My house has been taken over by canning jars. They are everywhere. My kitchen, my dining room, inside my refrigerator, and down in my basement. Some are full of obvious things, like jam and marmalade, and not so obvious things, like salad dressing and bacon grease. Others hold dry goods like rice, dehydrated mushrooms, and pasta. But it’s the ones that sit empty, waiting to fulfill their destiny as a vessel, that taunt me.
So I try and find creative ways to use them. Did you know that an 8 ounce canning jar holds one serving of soup perfectly? It does and so I use them when I pack soup in my lunch. It’s this creative use of jars that, to me, explains the explosion of the “in a jar” phenomenon. Pie in a jar? Yep. Cupcake in a jar? Absolutely. I’ve also seen fruit cobbler in a jar, cookie mix in a jar, and of course cocktails in a jar.
What you don’t realize when you start canning is that the empty jars will take up a lot of freaking space. So it’s better to actively use them for something, anything, than to find room to store them all. Besides, everything looks absolutely adorable when served in a jar. Hence, “in a jar” trends.
This of course is only my opinion and is not backed up by any scientific research or independent measurements. Basically, it’s just me:
A) Trying to justify my continued acquisition of jars
B) Finding an way to transition to a recipe for Chocolate Sponge Pudding….baked in a jar.
C) All of the above.
Chocolate Sponge Puddings
Adapted from Melissa d’Arabian
BAH Note: Despite the simplicity of the recipe, I struggled a fair bit. My egg whites fought being incorporated into the batter. And I had to nearly double Melissa’s recommended cooking time in order to get the puddings to set. Of course, I didn’t find out that they needed more cooking until I had a spoonful ready to pop in my mouth…so that one didn’t make it back into the oven and we’ll write that serving off as quality control. After some additional time in the oven, the bottom of the pudding was rich and thick while the top was spongelike and cakey. You can make these in ramekins but I used small (4 ounce) canning jars. So where I say “jars” below, you can pretend it says ramekins if that’s what you have.
- Nonstick cooking spray
- 1/4 cup plus 1 tablespoon sugar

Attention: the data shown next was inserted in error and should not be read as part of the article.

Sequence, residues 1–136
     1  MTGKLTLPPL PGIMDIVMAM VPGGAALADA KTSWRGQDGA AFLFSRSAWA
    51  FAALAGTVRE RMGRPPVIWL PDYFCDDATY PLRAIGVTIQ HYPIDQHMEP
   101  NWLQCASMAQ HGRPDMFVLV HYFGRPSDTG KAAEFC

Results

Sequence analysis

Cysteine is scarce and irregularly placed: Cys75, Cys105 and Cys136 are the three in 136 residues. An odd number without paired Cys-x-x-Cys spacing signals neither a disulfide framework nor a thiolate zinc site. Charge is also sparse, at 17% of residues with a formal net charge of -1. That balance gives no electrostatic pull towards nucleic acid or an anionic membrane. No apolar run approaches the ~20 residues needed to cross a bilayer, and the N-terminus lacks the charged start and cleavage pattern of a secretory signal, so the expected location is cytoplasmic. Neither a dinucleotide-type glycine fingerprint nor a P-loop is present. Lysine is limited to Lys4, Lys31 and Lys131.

- 2 eggs, separated
- 1/4 cup unsweetened cocoa
- 2 tablespoons flour
- 1/4 teaspoon salt (I used vanilla salt, because I had some)
- 1 teaspoon vanilla extract
- 1/4 cup whole milk
Heat the oven to 325 degrees and spray the insides of 4 small canning jars with nonstick spray. Divide 1 tablespoon of sugar among the jars and completely coat the inside with the sugar.
Combine the cocoa, flour, and salt in a small bowl. In another bowl, or mixing cup, combine the milk and vanilla. In a medium bowl, beat the egg yolks with the remaining 1/4 cup of sugar with a hand mixer until the sugar dissolves and the yolks are very pale yellow. Add the half of the cocoa mixture and then half of the milk to the eggs in two additions, beat until smooth and then add the remaining cocoa and milk and thoroughly combine.
In a separate bowl, using clean beaters, whip the egg whites until stiff peaks form. Gently fold the egg whites into the batter until incorporated, being careful not to overmix the batter, and divide the batter among the jars.
Fill a baking pan or dutch oven large enough to hold the jars with enough hot water to come halfway up the sides of the jars. Carefully place the jars in the water bath and bake for 15 to 30 minutes or until the sides of the cakes begin to pull away from the jar and the top of the cake springs back when lightly touched.
Carefully remove the jars from the water bath (if you have canning tongs, they would be perfect) and serve immediately. Leftovers can be refrigerated…but I can’t really imagine there being any leftovers.